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Painting from the Zabludowicz Collection

  • Art, Galleries
  • 3 out of 5 stars
  • Recommended

Time Out says

3 out of 5 stars

While there’s no theme to this two-part show, exactly, the linchpin of the whole thing is German maestro Albert Oehlen, whose canvases in the final room act as a kind of blueprint for the two other, younger, American artists. He’s represented mainly by his trademark, noughties style: a cacophonous, delirious, albeit sometimes slightly formulaic amalgamation of muddy dribbles, neon spraypaint blasts, computerish squiggles, ink-jet fragments and textual graphics – all wildly interwoven to create a knotty, nervy sensation of over-abundance. But there’s also an earlier, figurative piece from the ’80s – some doomy, shadowy architectural space, the thick paint broken up by glinting mirror panels – as well as an intriguing work from his finger-painting series, in which the fecal mark-making comes off as both a parody and a celebration of the notion of the artist’s transformative touch, the vaingloriousness of male creativity.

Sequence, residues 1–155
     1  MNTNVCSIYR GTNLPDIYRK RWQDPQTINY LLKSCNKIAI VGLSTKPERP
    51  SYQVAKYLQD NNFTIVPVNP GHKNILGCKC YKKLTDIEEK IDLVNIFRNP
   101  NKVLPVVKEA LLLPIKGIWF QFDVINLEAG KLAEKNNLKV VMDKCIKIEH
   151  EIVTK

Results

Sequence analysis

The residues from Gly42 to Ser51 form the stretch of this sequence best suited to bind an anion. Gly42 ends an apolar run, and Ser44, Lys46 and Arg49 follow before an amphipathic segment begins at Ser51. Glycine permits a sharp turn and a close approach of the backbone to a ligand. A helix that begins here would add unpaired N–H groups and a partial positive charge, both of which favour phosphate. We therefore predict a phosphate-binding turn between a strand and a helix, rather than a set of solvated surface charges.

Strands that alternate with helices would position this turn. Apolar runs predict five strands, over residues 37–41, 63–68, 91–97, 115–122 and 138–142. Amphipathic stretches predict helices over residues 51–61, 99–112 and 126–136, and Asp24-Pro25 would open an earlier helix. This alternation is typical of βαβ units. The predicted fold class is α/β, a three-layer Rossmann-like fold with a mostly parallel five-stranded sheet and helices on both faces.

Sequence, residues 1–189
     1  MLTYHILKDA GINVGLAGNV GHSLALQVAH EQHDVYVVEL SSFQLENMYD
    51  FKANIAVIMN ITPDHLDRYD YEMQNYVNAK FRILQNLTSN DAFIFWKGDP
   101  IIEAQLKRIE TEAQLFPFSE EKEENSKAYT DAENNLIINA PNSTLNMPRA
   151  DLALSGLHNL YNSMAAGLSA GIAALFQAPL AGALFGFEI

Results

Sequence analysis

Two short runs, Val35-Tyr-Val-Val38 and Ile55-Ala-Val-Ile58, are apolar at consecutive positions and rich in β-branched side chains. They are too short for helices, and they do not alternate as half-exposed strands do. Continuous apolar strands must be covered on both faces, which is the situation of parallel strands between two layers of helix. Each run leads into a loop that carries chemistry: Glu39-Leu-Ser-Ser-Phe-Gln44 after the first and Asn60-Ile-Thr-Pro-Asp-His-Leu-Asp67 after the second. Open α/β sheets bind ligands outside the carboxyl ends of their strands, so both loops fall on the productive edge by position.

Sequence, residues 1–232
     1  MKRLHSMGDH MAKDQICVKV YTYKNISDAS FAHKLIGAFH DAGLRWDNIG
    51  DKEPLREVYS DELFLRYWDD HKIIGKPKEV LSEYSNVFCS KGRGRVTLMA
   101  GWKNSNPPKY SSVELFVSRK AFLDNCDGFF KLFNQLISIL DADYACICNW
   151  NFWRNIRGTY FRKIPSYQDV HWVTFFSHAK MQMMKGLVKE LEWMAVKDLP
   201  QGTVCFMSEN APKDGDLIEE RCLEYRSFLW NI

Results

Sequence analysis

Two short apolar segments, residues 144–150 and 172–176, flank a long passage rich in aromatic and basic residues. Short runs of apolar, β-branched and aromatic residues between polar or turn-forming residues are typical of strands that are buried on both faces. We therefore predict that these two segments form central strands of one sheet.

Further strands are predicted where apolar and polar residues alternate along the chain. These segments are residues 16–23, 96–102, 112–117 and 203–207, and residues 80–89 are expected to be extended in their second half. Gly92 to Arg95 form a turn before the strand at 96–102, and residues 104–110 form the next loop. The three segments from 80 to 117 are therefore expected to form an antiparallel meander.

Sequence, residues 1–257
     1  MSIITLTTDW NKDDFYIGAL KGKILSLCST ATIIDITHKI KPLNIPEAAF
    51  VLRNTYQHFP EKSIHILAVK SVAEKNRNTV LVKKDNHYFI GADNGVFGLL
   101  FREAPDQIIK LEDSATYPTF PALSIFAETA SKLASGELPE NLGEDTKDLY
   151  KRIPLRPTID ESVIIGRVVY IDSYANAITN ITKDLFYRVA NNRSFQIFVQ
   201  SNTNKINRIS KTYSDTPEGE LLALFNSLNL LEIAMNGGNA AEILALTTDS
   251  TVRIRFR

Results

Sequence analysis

It’s this ironic, macho sensibility, then, which gets taken up by Matthew Chambers’s tall paintings. There’s a giant, spike-wristbanded fist, and some rough-and-ready abstract works made from cut-up, paint-slathered strips of canvas. Yet the faux-pretentiousness of the titles – ‘The Heroic Subject of All Study’, ‘Smells of Chestnuts in the Streets’ – together with a pose of punky, lo-fi disaffection, simply ends up feeling over-rehearsed, too familiar from a host of other artists.

Rather more successful is Francesca DiMattio’s work, which pushes the whole jumbly, overlapping aesthetic into a more flouncy, graphic, vaguely neo-Victorian direction. Her use of thread and floral wallpaper, or her totemic assemblages of broken vases and ceramic animals, may slightly overegg their sense of decoration and domesticity. In her smaller paintings, she combines Greco-Roman busts with patterns that look like they’re derived from Mexican wrestling masks; here, she’s hit on something that, precisely because it’s much simpler and less busy, feels stronger, odder, more wittily disconcerting.

Gabriel Coxhead.


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